3 MSP Best Practices for Protecting Your Users

Cybercrimes are reaching all-time highs, with many organizations being hit with at least one of the 230,000 attacks that occurred in 2017. As a Managed Service Provider, it’s our job to make security a priory for clients in 2018. By following 3 simple best-practices, we use to begin protecting NetCentral Partners. Built to enhance MSP security, mitigate client risk, and grow your revenue.

User Education

Effective anti-virus is essential to keeping your business protected, but it’s simply not enough. With increased risks and social engineering, many have found the need for user education as a major objective for 2019. By educating end-users through security awareness training can reduce the cost of infection or data breaches. These tactics have evolved, and are beginning to target businesses through social engineering, and the favorite method for delivering an attack.

Common Social Engineering Includes:

–  Typically, an email from a trusted friend, contact, or colleague, whose account has been compromised. The message will usually have a URL link to open or download, and invoice or website.

–  Phishing emails, comments, or text messages luring readers to confirm the legitimacy of your accounts. These are usually fake email vendor emails that have been spoofed or recreated by these criminals.

–  Fraudsters are more common in major business cities like San Francisco, Oakland, San Jose, California. These criminals leave USB or zip-drives around the company’s premises, in hopes a curious employee takes it. Hoping a curious employee will insert the temporary storage it into a computer providing access to company and personal data that is saved on your systems.

These attacks are usually devised through relevant and timely education can minimize your exposure to breaches caused by user error. By training our partners and clients on social engineering, and other tactics including ransomware, email passwords or data protection, you assist in fostering the behavior with which you wish to see across your organization.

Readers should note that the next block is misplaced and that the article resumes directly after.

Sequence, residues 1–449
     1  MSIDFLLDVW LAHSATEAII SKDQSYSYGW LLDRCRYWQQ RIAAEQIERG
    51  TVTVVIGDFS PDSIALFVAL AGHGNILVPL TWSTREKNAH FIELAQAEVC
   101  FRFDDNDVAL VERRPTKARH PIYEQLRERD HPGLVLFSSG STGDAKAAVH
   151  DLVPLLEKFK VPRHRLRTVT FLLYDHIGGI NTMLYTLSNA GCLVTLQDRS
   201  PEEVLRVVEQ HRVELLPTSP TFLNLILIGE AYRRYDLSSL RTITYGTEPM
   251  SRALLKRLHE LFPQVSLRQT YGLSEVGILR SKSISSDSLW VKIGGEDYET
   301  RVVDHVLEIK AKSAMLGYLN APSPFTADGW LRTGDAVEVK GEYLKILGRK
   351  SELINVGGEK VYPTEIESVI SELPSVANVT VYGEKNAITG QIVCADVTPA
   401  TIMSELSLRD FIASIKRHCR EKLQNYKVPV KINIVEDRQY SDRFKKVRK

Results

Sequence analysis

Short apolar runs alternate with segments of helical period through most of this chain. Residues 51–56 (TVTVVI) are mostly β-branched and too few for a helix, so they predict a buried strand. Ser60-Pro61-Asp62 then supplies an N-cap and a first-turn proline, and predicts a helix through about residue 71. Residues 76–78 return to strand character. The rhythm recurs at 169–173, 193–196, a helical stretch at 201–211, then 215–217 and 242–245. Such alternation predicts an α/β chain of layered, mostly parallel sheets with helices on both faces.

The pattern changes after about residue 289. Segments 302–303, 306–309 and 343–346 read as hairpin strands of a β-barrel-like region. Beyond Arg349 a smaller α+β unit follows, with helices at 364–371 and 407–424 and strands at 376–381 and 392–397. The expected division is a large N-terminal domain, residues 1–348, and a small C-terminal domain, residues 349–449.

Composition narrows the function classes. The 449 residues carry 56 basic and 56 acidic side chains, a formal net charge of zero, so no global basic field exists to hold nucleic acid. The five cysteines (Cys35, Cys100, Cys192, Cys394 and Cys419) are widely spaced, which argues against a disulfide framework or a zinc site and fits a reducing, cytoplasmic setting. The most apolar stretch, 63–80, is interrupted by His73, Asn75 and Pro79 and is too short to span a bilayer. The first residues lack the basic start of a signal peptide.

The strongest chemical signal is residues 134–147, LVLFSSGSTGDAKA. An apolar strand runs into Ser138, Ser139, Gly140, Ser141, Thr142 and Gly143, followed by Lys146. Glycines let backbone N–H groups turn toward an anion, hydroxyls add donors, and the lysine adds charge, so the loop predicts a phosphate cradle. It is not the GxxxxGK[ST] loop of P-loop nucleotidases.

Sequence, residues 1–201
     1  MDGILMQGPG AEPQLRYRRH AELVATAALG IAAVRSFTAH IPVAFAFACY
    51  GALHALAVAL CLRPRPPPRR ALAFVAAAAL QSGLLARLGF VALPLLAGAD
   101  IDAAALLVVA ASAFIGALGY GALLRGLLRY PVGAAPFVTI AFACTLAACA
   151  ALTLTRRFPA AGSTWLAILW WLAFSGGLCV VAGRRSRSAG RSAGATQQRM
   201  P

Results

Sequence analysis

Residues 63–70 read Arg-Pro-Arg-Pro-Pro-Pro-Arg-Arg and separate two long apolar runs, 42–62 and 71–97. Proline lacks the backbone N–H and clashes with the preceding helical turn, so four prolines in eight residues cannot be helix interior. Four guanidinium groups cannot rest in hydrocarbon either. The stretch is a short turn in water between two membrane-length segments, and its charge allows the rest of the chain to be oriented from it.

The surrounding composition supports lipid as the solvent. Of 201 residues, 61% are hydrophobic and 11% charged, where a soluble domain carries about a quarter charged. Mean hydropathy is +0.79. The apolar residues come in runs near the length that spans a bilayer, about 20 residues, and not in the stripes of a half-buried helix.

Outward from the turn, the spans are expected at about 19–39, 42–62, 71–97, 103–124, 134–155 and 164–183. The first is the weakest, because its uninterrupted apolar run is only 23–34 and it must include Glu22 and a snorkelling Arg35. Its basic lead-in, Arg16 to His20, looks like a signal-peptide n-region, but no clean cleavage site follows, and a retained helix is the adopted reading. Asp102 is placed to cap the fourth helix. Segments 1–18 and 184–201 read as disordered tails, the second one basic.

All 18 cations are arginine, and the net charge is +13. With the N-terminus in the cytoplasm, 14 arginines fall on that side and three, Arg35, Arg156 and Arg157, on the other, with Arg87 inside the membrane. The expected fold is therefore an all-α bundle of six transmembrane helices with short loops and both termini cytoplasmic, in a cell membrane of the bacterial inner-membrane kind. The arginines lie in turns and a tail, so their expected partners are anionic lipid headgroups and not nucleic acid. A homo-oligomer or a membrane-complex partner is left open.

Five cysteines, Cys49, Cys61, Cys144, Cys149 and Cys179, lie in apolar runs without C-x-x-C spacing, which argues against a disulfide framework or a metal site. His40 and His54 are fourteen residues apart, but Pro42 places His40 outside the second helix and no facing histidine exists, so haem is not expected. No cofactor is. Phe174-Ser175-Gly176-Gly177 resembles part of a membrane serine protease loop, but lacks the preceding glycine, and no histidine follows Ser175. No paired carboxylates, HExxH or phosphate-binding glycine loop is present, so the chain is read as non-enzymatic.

Backup & Disaster Recovery Plans

Your IT support team should always stress the importance of backups and creating a disaster recovery plan, with regular testing of each asset. If hit with ransomware, without a secure backup, businesses face the intended ultimatum. To pay the ransom and risk the money or lose countless amounts of company data.

We’ve continued to offer our clients options to fit their network, with automated cloud-based backups and physical appliances for any company’s data retention policies to avoid encryption. With access to data anywhere at any time, the best form of proactive support comes with the industry knowledge gained from building business continuity plans.

Things to Consider:

–  Who declares the disaster?

–  How are employees informed?

–  How will you communicate with customers?

The secret to building the perfect disaster recovery plan for your business comes after the plan is implemented. The most common failure point for many businesses before NetCentral support is a failure to test a backup solution. Then a small-scale disaster or accident occurs, and your business can’t restore its data. Imagine the loss of business financials, intellectual property, client data. Insurance won’t pay you for lost information, and your disaster recovery plan is the only thing between business risk and your employees. Once a plan has been implemented and adopted by the staff, it’s important to develop your process.

Patch Management

Patch Management continues to be one of the largest areas of vulnerability for businesses with more than 2 “production” servers. Most updates are security related and should be updated as needed. Outdated technology, including an operating system (OS) or Java, are common exploits in several of this year’s largest cyberattacks. By staying atop of operating system updates, you prevent your business from learning a “very costly lesson.” A great example, of this, was back in 2017, with Windows 10. Win10 initially only marked 15% of malware files, while Windows 7 machines saw over 63% according to Webroot’s 2018 Threat Report.